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Reviews

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    Cheri Looks Good, Falls Flat

    It’s hard to get everything to go right on a movie. Many little things can turn a promising project into something that never quite gels.

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    Summer Movies: Drag Me to Hell, Away We Go

    Every once in a while I am reminded that my taste is not the same as the mass audience. I can usually call a blockbuster like 300 or Star Trek--in other words, I ignore the tracking and opening weekend predictions to insist--THIS MOVIE IS SO GOOD IT WILL DO BUSINESS. Sometimes, thank God, word-of-mo...

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    Little Ashes: Will Twilight's Pattinson Pull Women?

    We know how women respond to Rob Pattinson as Edward Cullen in Twilight . I knew the second I saw the first teaser trailer that he was a new heartthrob. He's dishy. In IFC's on-demand release, the British micro-indie How to Be, he plays a depressed loser version of himself. Not a big reach. On the other hand, Pattinson stretches quite a bit as Salvador Dali in Little Ashes, a European art film with a cultural pedigree. Set in Spain, the movie throws together three brilliant young university students: painter Salvador Dali (Pattinson), poet/dramatist Federico Garcia Lorca (Javier Beltran) and filmmaker Luis Bunuel (Matthew McNulty). Garcia Lo...

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    Little Ashes: Will Twilight's Pattinson Pull Women?

    We know how women respond to Rob Pattinson as Edward Cullen in Twilight . I knew the second I saw the first teaser trailer that he was a new heartthrob. He's dishy. In IFC's on-demand release, the British micro-indie How to Be, he plays a depressed loser version of himself. Not a big reach. On the other hand, Pattinson stretches quite a bit as Salvador Dali in Little Ashes, a European art film with a cultural pedigree. Set in Spain, the movie throws together three brilliant young university students: painter Salvador Dali (Pattinson), poet/dramatist Federico Garcia Lorca (Javier Beltran) and filmmaker Luis Bunuel (Matthew McNulty). Garcia Lo...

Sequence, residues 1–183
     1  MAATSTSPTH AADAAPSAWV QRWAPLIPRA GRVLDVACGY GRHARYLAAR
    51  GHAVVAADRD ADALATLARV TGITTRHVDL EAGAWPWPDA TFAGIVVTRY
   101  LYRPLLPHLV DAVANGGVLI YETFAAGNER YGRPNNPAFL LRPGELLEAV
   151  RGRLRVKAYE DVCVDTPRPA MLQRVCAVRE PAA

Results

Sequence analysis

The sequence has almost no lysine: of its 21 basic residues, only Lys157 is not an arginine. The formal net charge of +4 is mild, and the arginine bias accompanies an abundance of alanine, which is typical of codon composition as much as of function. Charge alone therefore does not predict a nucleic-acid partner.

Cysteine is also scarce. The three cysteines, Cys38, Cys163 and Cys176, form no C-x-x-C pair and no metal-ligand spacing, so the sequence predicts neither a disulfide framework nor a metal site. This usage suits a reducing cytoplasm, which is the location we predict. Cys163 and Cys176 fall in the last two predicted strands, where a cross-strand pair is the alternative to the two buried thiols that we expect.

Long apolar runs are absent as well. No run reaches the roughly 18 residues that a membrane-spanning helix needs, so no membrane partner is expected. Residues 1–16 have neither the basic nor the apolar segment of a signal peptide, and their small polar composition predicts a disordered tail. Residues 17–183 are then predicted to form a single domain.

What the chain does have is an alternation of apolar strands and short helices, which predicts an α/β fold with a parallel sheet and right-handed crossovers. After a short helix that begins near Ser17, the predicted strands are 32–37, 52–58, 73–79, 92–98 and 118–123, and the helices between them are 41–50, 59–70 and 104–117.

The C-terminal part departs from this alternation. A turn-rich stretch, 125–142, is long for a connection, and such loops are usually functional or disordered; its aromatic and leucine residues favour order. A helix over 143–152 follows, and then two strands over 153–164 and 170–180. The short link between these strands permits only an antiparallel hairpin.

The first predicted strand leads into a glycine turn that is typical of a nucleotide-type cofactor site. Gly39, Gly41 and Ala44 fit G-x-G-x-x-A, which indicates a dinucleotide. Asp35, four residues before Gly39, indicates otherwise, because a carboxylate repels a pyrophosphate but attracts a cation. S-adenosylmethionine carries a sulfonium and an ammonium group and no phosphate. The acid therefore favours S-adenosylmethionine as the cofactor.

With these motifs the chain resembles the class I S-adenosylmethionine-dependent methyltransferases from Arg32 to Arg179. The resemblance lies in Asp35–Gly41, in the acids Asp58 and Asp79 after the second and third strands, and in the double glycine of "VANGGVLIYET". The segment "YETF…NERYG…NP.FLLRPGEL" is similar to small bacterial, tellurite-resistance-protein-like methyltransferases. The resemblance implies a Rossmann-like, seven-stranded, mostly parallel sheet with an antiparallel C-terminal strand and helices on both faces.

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    Star Trek: Early Reviews

    Early word on the J.J. Abrams, Roberto Orci and Alex Kurtzman's reinvention of Star Trek--beyond the early peak Paramount gave Fantastic Fest earlier this month and the footage screened for journos last November--has been strong. One exhib emailed me after an exhibitor's screening:

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    Star Trek Sneak Preview Reactions

    In keeping with the current trend of letting the fanboys review a sci-fi universe movie before the critics get a crack at it, Paramount mounted a surprise Fantastic Fest sneak preview of Star Trek in Austin (in place of the scheduled Wrath of Khan). Leonard Nimoy attended. (Pictures are here.) Early...

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    ShoWest: Roger Ebert Honored

    After a video montage in which directors Steven Spielberg, Martin Scorsese, Clint Eastwood, and Oliver Stone paid tribute to Roger Ebert, Sony Pictures Classics co-president Michael Barker presented ShoWest's Career Achievement in Film Journalism Award to the Pulitzer-Prize winning critic of the Chicago Sun-Times. "Roger Ebert is the most popular, most respected, most honored, and most eclectic film critic in American history," Barker said, citing Ebert as "one of the few saviors of independent film--films of all shapes and sizes--American independent features, foreign films, documentaries, and animated films. Ask any independent filmmakers w...

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    Duplicity: What Happened?

    While a recession-fueled box office boom is lifting most boats, one notable exception is Tony Gilroy's Duplicity, which boasted the earmarks of a commercial Hollywood vehicle--big budget, exotic locations, thriller genre, two sexy movie stars--but may have been too costly for what was really a smart...

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    Knowing: Proyas/Cage Thriller Will Wow Audiences

    Knowing is an intense, smart sci-fi thriller that stops just short of being great. Australian director Alex Proyas, the mind behind The Crow, Dark City and I, Robot , makes several questionable choices--among them ominous Jim Jarmusch lookalike lurkers and and a derivative ending-- but they don't de...

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    Duplicity: Gilroy Directs Roberts and Owen

    While Duplicity isn't as good as Michael Clayton, you can tell that it comes from the mind of Tony Gilroy. According to his recent profile in The New Yorker, he's a man who likes to surprise. Gilroy reminds me of Steven Soderbergh: he's trying to outsmart audience expectations so much that he someti...

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